Articles | Volume 13, issue 3
Research article
29 Mar 2017
Research article |  | 29 Mar 2017

Was the Little Ice Age more or less El Niño-like than the Medieval Climate Anomaly? Evidence from hydrological and temperature proxy data

Lilo M. K. Henke, F. Hugo Lambert, and Dan J. Charman

Abstract. The El Niño–Southern Oscillation (ENSO) is the most important source of global climate variability on interannual timescales and has substantial environmental and socio-economic consequences. However, it is unclear how it interacts with large-scale climate states over longer (decadal to centennial) timescales. The instrumental ENSO record is too short for analysing long-term trends and variability and climate models are unable to accurately simulate past ENSO states. Proxy data are used to extend the record, but different proxy sources have produced dissimilar reconstructions of long-term ENSO-like climate change, with some evidence for a temperature–precipitation divergence in ENSO-like climate over the past millennium, in particular during the Medieval Climate Anomaly (MCA; AD  ∼  800–1300) and the Little Ice Age (LIA; AD  ∼  1400–1850). This throws into question the stability of the modern ENSO system and its links to the global climate, which has implications for future projections. Here we use a new statistical approach using weighting based on empirical orthogonal function (EOF) to create two new large-scale reconstructions of ENSO-like climate change derived independently from precipitation proxies and temperature proxies. The method is developed and validated using model-derived pseudo-proxy experiments that address the effects of proxy dating error, resolution, and noise to improve uncertainty estimations. We find no evidence that temperature and precipitation disagree over the ENSO-like state over the past millennium, but neither do they agree strongly. There is no statistically significant difference between the MCA and the LIA in either reconstruction. However, the temperature reconstruction suffers from a lack of high-quality proxy records located in ENSO-sensitive regions, which limits its ability to capture the large-scale ENSO signal. Further expansion of the palaeo-database and improvements to instrumental, satellite, and model representations of ENSO are needed to fully resolve the discrepancies found among proxy records and establish the long-term stability of this important mode of climatic variability.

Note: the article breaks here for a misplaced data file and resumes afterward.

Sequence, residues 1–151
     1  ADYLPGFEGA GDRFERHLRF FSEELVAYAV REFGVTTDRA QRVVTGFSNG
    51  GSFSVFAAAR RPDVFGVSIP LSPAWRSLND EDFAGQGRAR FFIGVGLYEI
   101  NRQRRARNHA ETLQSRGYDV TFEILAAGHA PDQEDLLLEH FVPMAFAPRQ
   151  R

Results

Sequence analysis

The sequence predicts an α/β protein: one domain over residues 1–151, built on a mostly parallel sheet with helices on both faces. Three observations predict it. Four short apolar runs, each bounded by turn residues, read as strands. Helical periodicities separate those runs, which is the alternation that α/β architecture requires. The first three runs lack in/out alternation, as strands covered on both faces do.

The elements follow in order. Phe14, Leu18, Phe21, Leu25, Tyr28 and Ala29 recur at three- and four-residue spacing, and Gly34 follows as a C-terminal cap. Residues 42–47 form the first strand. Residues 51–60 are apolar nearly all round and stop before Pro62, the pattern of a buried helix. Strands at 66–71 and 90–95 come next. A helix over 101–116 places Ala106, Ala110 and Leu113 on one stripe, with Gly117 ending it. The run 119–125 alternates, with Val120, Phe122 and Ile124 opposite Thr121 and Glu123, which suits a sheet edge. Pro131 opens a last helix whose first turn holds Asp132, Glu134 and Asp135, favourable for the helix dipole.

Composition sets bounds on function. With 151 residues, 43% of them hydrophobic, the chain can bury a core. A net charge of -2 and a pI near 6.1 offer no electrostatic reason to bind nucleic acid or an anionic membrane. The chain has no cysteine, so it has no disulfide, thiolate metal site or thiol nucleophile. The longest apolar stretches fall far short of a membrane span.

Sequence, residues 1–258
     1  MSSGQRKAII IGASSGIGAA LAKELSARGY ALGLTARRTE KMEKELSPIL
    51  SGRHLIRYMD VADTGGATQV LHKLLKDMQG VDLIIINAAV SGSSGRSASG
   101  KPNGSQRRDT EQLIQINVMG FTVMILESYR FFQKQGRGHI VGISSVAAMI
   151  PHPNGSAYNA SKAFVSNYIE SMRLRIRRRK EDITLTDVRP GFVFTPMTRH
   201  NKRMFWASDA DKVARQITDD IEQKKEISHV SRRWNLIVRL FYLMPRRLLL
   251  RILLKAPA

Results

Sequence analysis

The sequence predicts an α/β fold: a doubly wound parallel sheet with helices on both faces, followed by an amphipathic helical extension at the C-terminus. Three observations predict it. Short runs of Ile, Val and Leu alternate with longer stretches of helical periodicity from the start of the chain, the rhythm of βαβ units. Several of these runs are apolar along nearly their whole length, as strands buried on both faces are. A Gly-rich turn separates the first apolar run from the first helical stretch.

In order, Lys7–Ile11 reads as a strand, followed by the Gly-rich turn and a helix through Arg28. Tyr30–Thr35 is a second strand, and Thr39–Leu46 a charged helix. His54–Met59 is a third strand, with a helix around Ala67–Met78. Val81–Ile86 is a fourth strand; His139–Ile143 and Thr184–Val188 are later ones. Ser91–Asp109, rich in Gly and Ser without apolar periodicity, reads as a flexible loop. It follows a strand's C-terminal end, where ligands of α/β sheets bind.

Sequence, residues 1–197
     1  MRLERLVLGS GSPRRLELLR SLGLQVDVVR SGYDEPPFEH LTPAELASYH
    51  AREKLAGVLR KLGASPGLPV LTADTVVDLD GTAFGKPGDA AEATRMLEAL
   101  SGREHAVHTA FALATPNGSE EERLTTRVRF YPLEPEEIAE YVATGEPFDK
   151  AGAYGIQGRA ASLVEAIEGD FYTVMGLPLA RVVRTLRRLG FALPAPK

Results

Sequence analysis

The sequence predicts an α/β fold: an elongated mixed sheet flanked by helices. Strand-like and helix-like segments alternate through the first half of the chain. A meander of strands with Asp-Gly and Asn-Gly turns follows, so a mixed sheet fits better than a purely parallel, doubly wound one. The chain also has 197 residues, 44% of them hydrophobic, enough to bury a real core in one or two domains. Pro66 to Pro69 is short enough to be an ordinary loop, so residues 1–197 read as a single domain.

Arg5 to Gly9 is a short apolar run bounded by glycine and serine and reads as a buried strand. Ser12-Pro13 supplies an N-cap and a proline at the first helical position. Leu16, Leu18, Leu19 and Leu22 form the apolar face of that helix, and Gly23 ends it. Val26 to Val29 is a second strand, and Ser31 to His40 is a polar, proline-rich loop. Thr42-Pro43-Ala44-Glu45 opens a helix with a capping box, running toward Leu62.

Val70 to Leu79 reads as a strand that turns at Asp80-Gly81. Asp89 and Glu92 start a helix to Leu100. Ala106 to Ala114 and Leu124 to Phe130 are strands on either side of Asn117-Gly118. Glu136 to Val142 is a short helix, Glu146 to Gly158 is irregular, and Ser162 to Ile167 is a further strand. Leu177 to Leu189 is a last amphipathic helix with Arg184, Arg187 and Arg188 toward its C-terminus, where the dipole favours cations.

Short summary
To understand future ENSO behaviour we must look at the past, but temperature and rainfall proxies (e.g. tree rings, sediment cores) appear to show different responses. We tested this by making separate multi-proxy ENSO reconstructions for precipitation and temperature and found no evidence of a disagreement between ENSO-driven changes in precipitation and temperature. While this supports our physical understanding of ENSO, the lack of good proxy data must be addressed to further explore this.